Creating bigger cushions in your day and planning to arrive a few minutes early will allow you to meet unforeseen traffic unfazed, and allow you to take a few deep, mindful breaths with that extra time before your next meeting, activity, or event begins.

20. Meditate

And of course, this list would not be complete without adding meditation as an option for your 2020 goal. Meditation makes you more focused, productive, creative, compassionate, less stressed, and overall a healthier and happier human. Need I say more?

If you’re still not convinced, check out 10 benefits of meditation here.

If you’re ready to practice, check out the 10 rules for new meditators to help you get started.

Melissa Eisler

Melissa Eisler is an ICF Certified Leadership and Executive Coach, certified meditation and yoga instructor, and author. She created Mindful Minutes to offer practical, relatable anecdotes and tips on how to bring mindfulness into the busyness of the digital age. Her intention is to share what she learns about overcoming her own challenges with meditation, mindfulness, and life balance while maintaining a challenging schedule and career. Learn more about Melissa here.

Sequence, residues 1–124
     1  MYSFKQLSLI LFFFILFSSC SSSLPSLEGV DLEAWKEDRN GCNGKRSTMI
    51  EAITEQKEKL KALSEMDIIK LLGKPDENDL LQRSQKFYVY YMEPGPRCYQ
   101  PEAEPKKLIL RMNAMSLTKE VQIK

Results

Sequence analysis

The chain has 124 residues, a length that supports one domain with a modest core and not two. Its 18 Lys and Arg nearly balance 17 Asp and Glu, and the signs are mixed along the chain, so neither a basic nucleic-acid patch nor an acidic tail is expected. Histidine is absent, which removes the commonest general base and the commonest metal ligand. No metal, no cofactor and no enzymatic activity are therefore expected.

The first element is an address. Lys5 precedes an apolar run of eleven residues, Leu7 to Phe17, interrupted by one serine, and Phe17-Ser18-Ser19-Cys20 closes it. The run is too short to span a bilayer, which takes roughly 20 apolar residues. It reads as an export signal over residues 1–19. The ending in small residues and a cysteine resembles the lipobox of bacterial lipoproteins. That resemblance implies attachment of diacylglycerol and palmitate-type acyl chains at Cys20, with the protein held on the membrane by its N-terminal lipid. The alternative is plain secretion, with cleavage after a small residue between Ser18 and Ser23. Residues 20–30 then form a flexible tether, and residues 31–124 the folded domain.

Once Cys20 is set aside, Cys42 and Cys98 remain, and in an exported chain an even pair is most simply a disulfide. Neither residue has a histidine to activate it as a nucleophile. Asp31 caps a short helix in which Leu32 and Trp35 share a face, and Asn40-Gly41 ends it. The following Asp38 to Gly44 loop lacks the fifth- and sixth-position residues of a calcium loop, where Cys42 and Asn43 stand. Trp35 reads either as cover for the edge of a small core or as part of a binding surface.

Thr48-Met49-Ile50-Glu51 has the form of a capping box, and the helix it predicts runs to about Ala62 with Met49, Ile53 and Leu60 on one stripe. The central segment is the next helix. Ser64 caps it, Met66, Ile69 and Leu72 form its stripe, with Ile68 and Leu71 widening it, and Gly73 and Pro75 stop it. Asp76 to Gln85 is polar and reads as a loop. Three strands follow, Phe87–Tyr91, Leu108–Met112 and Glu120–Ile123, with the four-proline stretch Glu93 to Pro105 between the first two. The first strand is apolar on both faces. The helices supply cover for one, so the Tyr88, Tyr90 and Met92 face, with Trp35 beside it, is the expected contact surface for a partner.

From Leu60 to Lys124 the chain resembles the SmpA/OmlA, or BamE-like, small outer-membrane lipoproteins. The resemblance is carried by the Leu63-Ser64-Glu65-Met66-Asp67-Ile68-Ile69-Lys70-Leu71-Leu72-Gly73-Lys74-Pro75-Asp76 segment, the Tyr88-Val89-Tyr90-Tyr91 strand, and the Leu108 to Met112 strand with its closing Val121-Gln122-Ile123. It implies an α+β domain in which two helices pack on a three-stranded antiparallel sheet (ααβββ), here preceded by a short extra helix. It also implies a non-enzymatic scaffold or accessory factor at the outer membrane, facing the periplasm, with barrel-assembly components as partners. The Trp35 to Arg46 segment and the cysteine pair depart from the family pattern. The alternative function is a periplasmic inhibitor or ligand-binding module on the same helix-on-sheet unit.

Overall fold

1. John Paul on May 26, 2020 at 12:54 am

    That’s very informative Melissa. This is a list I am going to follow. Thank you so much for this wonderful article!!

  2. Kari on August 24, 2020 at 9:49 am

    Thank you for this list. I just started a morning routine that I am excited for, which includes stretching, meditation, and I want to eventually include some journaling. Perhaps a gratitude journal. I do need to schedule some time without my device. Devices can be addicting.
    Thanks for the article.

  3. Sohum on March 12, 2021 at 5:03 pm

    Very informative article. Thanks for sharing. Guided meditation can be a good way for a beginner to still an active mind. Do checkout “www.mantravibes.Net” for online live guided meditation. It combines 2 of the most effective techniques, guided meditation and mantra chant, to bring a listener to deep state of relaxation and stillness.

  4. Naman on August 12, 2023 at 6:32 pm

    Great sharing Melissa!, Thanks for this beautiful article, it included almost everything for mindfulness!